The Myth of the Ivory Tower

From the Dean

By Ira Solomon, dean, A. B. Freeman School of Business

A few weeks ago, I was discussing the strategy behind the Stewart Center CBD, our new facility in downtown New Orleans, when a colleague casually referenced a concept we’ve all heard before: the ivory tower.

His point was that the Stewart Center CBD — through both its location and programming — stands in sharp contrast to the stereotypical notion of a university detached from its community. That observation brings up a fact that I think too few of us truly appreciate: Tulane University has never been an ivory tower.

The Medical College of Louisiana, the precursor to Tulane, was founded in 1834 not as an elitist citadel but as a practical response to the very real — and very local — threats of cholera and yellow fever. Eighty years later, Tulane University’s College of Commerce and Business Administration was similarly established not to ruminate on economic theory but to provide local businesses with employees equipped with the requisite knowledge and skills to compete in a changing, post-Panama Canal world.

Since then, both Tulane and the A. B. Freeman School of Business have continued to tackle problems of local significance and global proportions. You see it in our research. You see it in our academic programs. You see it in our service learning and community outreach. And you see it in our alumni, who use their Tulane experience to take on the world’s greatest challenges.

And therein, I think, lies part of the problem: People sometimes confuse our focus on global issues with a lack of concern for the local. In actuality, the very opposite is true.

In the wake of Hurricane Katrina in 2005, Tulane University recognized that the health of the university was inextricably linked to the health of the local community. Through a renewed focus on New Orleans, Tulane could
help ensure the long-term survival of this remarkable city while developing real-world expertise and better preparing students to address society’s most pressing challenges.

When I became dean of the Freeman School in 2011, I embraced the notion of using New Orleans as a laboratory for learning, research and innovation. Since then, we’ve worked vigorously to build strong connections between Freeman and the business community: Our Business TIDES students work with local nonprofits like Upturn Arts to implement marketing strategies. Our MBA students work with local companies like Zatarain’s to explore new product opportunities. Our Master of Business Analytics students recently worked with the New Orleans Pelicans to analyze attendance patterns and recommend data-driven marketing strategies. And through our Lepage Center for Entrepreneurship and Innovation, we support and help grow the city’s entrepreneurial ecosystem through programs like the Tulane Business Model Competition and New Orleans Entrepreneur Week.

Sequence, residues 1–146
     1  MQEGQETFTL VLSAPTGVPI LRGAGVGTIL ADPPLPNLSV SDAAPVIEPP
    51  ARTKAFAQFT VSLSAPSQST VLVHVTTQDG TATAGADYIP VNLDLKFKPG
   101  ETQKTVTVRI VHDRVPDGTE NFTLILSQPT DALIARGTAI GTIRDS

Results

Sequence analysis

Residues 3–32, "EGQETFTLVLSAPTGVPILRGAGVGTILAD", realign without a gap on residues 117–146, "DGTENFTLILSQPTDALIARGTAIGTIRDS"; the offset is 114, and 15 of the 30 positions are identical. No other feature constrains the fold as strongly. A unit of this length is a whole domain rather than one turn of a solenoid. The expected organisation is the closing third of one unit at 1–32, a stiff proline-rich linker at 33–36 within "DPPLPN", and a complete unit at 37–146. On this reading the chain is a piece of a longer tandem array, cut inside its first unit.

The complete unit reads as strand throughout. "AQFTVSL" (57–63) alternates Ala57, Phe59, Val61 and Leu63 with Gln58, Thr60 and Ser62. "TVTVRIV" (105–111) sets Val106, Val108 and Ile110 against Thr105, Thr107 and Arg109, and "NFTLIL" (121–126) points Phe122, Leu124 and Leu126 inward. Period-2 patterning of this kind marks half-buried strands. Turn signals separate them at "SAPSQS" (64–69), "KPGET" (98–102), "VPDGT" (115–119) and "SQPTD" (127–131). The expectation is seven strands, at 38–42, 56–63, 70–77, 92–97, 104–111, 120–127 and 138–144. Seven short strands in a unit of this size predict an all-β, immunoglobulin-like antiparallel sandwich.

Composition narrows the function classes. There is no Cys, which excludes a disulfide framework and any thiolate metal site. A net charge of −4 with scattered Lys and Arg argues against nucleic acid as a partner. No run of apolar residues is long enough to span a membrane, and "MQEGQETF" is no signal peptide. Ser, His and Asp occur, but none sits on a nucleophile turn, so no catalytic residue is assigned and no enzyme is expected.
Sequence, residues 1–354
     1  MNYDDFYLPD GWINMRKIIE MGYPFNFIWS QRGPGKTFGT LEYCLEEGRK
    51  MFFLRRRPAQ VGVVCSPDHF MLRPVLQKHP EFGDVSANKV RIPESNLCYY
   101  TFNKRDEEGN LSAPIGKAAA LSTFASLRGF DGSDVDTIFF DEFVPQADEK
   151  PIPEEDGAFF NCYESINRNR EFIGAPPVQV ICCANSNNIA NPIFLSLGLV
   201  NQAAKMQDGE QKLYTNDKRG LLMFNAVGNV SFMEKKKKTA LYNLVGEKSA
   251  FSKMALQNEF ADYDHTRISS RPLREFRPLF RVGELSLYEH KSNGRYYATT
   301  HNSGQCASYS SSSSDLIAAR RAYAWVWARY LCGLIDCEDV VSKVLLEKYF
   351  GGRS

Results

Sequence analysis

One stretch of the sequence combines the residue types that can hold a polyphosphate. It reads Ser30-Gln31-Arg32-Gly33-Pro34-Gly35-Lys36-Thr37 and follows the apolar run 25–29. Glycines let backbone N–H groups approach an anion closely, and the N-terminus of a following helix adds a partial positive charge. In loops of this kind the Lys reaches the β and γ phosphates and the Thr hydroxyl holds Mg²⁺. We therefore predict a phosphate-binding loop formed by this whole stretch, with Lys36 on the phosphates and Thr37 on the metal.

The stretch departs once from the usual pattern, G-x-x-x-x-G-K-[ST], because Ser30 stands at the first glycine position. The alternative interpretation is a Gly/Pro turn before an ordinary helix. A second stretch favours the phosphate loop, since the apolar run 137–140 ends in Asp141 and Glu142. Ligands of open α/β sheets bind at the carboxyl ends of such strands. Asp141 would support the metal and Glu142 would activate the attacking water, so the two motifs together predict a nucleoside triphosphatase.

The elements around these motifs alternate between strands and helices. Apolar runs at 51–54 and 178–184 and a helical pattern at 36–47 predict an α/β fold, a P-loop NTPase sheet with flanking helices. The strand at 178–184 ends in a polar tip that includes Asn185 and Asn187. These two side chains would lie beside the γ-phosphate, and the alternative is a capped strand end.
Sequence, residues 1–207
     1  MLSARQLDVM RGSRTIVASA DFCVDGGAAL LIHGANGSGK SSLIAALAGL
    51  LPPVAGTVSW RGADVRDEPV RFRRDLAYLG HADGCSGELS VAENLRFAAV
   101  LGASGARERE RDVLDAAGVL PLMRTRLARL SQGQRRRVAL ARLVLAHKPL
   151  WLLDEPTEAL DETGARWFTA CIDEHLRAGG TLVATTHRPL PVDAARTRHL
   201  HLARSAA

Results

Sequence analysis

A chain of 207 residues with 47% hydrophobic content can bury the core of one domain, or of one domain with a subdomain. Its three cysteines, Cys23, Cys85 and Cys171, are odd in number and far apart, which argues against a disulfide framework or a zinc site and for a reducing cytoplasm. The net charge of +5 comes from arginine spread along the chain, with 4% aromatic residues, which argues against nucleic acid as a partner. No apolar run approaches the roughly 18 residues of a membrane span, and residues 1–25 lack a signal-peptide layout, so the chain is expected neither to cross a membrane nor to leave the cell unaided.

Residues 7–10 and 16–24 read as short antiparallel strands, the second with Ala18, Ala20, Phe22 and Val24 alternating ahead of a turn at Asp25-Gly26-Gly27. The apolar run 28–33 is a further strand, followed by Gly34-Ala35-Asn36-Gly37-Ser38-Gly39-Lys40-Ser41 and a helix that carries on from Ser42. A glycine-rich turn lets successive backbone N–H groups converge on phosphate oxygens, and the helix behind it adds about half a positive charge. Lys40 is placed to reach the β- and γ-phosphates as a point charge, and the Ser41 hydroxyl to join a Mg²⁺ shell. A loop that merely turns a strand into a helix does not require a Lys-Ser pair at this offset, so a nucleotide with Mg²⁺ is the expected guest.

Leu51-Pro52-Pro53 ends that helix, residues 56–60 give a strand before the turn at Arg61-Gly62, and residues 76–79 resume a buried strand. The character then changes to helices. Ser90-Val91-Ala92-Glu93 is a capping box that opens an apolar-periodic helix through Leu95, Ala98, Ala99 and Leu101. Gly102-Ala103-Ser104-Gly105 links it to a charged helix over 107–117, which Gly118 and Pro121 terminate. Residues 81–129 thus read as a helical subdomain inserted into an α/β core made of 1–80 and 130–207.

By focusing on New Orleans, we are providing extraordinary learning opportunities for students while helping to build a stronger, more vibrant economy, one that will ultimately benefit us all.

The Stewart Center CBD, which opened in January 2019, is an essential component in this strategy. This stunningly restored facility places us in the heart of the city’s business, technology and hospitality districts, strategically positioning us to more effectively deliver programs serving the area’s more than 65,000 working professionals. In addition to serving as the new home of our executive MBA program, the Stewart Center CBD will house custom non-degree executive programs, enabling us to meet a growing demand for short-term courses that inculcate the applied knowledge and skills needed to compete. We also hope to leverage our proximity to the New Orleans Culinary & Hospitality Institute to deliver programs related to our new initiative on entrepreneurial hospitality. Finally, the space will enable us to host events that bring our students closer to working professionals, building connections that can lead to jobs, new business ventures and, ultimately, a greater sense of community.

For more than 100 years, the Freeman School has enjoyed a close relationship with the New Orleans business community. With the opening of the Stewart Center CBD, we hope to build on that relationship and become an even more central part of the city’s economic revitalization.

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